That’s a Rebar Wrap

Autonomous Robots Helping Bridge Contractors Improve Productivity

Rebar-tying robot ties wires on bridge deck on Snake Run Bridge in Beaver County, Penn. Photos: Advanced Construction Robotics, Inc.

Autonomous rebar-tying robots are helping bridge contractors improve productivity by completing one of the industry’s most tedious and monotonous tasks – tying rebar on bridge decks.

Topcon: next level precision

The use of steel reinforcement bars to strengthen a concrete bridge deck is common practice that typically requires crews with specialized tools to hand tie wires around rebar intersections to stabilize the frames.

Fifteen months ago, TyBot, LLC, a wholly owned subsidiary of Pittsburgh, Penn.-based Advanced Construction Robotics, Inc., introduced TyBot, an electro-mechanical system that combines artificial intelligence and robotics to automatically tie rebar. According to Ty-Bot co-founders, Stephen Muck and Jeremy Searock, it is the first artificially intelligent (AI) robot in heavy civil construction.

Muck, still CEO and Chairman of Brayman Construction Corp, a  heavy contractor, talks about the need for a robot to tie rebar. He explains, “In the bridge world, tying rebar is a critical path activity that typically requires a crew to spike up to meet the desired schedule. It’s one of the least palatable jobs on a project, and studies show that productivity has dropped year-to-year. The robot is predictable and productive, doesn’t get hurt and works multiple shifts, day or night.”

Designed to attach to and run on the screed rails that contractors use for deck finishing, TyBot is an intelligent machine that combines sophisticated, tightly coupled algorithms, electronics and sensors set on a frame that spans the bridge deck.

Crews do not map the job beforehand—the entire task is autonomous. When deployed on a bridge with steel reinforcement bars, the robot will “see” an intersection and tie it. That said, Muck and Searock did include a wireless controller for monitoring that incorporates an override feature.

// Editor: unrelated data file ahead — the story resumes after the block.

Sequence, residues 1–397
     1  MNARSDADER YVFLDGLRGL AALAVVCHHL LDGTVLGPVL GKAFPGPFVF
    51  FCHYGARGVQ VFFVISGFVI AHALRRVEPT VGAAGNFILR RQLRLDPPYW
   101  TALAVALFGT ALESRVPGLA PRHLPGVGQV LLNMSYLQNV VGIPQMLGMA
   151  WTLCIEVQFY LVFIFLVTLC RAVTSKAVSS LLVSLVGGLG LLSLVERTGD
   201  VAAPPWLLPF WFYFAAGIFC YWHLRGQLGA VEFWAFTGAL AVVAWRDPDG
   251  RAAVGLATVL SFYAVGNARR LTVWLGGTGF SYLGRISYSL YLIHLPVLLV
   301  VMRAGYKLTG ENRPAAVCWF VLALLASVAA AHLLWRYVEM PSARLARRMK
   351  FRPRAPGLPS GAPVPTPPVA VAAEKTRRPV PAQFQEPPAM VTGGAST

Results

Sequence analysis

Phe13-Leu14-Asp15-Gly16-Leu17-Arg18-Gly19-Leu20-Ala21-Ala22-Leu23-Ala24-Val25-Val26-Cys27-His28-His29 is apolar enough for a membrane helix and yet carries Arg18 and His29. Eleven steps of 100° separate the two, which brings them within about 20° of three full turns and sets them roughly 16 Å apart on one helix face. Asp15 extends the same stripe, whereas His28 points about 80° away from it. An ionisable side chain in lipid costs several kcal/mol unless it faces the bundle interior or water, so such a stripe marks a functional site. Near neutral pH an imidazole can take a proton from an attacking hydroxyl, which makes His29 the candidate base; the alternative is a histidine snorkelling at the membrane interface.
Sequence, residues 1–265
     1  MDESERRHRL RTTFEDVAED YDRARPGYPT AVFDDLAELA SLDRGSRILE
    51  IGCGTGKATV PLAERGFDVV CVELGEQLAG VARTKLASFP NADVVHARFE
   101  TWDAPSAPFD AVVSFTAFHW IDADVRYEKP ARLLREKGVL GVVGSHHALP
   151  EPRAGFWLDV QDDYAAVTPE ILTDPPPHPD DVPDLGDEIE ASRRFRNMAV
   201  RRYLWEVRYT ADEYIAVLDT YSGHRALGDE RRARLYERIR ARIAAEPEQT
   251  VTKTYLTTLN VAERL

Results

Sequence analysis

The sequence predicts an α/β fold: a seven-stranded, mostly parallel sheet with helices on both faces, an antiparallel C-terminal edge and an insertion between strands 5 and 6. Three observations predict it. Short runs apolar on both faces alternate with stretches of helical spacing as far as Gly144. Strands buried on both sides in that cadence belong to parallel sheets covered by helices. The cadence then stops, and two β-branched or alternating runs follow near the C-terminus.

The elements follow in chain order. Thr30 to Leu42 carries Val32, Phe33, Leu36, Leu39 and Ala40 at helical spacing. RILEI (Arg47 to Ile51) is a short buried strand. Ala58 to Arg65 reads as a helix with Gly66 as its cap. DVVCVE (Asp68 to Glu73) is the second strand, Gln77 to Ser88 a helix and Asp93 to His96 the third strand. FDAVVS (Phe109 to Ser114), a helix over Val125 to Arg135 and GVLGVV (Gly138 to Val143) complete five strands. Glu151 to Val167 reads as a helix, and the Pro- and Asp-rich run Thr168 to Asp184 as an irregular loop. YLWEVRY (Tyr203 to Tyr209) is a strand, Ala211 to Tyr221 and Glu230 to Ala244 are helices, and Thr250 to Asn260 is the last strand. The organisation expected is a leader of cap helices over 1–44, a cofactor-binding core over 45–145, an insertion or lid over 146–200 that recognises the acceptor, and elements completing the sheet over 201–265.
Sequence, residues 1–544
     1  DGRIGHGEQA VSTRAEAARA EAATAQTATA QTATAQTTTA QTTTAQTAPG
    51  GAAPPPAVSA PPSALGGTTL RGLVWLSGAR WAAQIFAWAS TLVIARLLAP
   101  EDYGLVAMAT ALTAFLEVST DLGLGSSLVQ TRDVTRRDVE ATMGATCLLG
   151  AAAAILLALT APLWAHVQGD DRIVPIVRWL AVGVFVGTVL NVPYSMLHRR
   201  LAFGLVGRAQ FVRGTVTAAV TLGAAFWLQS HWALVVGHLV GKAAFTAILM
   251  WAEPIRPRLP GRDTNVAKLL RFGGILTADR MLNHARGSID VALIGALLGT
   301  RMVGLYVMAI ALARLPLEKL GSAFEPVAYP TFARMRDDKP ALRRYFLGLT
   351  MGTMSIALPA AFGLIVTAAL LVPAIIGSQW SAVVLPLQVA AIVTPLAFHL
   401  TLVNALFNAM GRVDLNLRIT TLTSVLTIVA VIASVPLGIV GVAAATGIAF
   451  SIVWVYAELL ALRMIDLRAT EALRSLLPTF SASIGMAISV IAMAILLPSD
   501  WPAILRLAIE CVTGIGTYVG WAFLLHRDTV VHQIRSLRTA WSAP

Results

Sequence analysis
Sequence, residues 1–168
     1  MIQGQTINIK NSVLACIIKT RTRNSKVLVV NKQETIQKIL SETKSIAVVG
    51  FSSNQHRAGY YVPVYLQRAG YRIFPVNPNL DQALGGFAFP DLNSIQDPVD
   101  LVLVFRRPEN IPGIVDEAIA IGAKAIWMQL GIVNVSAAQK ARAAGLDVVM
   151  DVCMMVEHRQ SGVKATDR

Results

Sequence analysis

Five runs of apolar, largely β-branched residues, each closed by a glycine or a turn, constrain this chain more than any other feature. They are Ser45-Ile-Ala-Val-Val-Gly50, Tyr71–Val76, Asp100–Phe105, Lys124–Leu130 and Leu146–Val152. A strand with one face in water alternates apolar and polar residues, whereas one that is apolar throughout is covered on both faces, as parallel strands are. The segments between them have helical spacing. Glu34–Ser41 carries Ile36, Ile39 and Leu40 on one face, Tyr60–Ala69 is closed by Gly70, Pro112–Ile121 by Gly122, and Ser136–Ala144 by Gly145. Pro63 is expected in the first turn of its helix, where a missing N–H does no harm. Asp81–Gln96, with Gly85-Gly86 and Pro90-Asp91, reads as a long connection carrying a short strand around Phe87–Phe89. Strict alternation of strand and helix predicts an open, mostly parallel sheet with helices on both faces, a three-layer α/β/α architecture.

Installing TyBot system on Park Quarry Bridge in Beaver County, Penn.

“From day one in the design process, we put a lot of effort into making sure this is transparent to the industry,” says Searock. “You turn on the engine and the robot does the job. Technology-wise, it’s closer to a self-driving car than a conventional industrial robot in a factory.”

TyBot is designed to be used on bridges from 10 feet to 140 feet wide. It’s compatible with #8 by #8 rebar intersections and works to bridge design limits of 12% grade and 12% super-elevation and light enough that F-250 pulling a specialized aluminum trailer can haul up to 60 feet of the robotic system. The TyBot team estimates an effective production rate of 800 ties per hour.

TyBot was first used to tie rebar on the PennDOT Freedom Road bridge project in October 2017. Since then, it has been used to tie concrete deck slabs on the Snake Run and Park Quarry Road Bridges in Beaver County, Penn., and on bridge projects in New Hampshire, Virginia and Maryland. The TyBot team is gaining considerable momentum internationally as well. Look for the autonomous robot on bridges around the world in the coming years.